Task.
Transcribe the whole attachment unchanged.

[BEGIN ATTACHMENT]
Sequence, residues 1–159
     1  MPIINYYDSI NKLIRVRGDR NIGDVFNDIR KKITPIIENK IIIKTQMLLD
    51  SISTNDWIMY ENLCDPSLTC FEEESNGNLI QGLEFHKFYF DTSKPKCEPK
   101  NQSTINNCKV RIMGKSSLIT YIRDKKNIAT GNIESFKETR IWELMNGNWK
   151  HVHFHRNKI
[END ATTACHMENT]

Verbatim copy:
Sequence, residues 1–159
     1  MPIINYYDSI NKLIRVRGDR NIGDVFNDIR KKITPIIENK IIIKTQMLLD
    51  SISTNDWIMY ENLCDPSLTC FEEESNGNLI QGLEFHKFYF DTSKPKCEPK
   101  NQSTINNCKV RIMGKSSLIT YIRDKKNIAT GNIESFKETR IWELMNGNWK
   151  HVHFHRNKI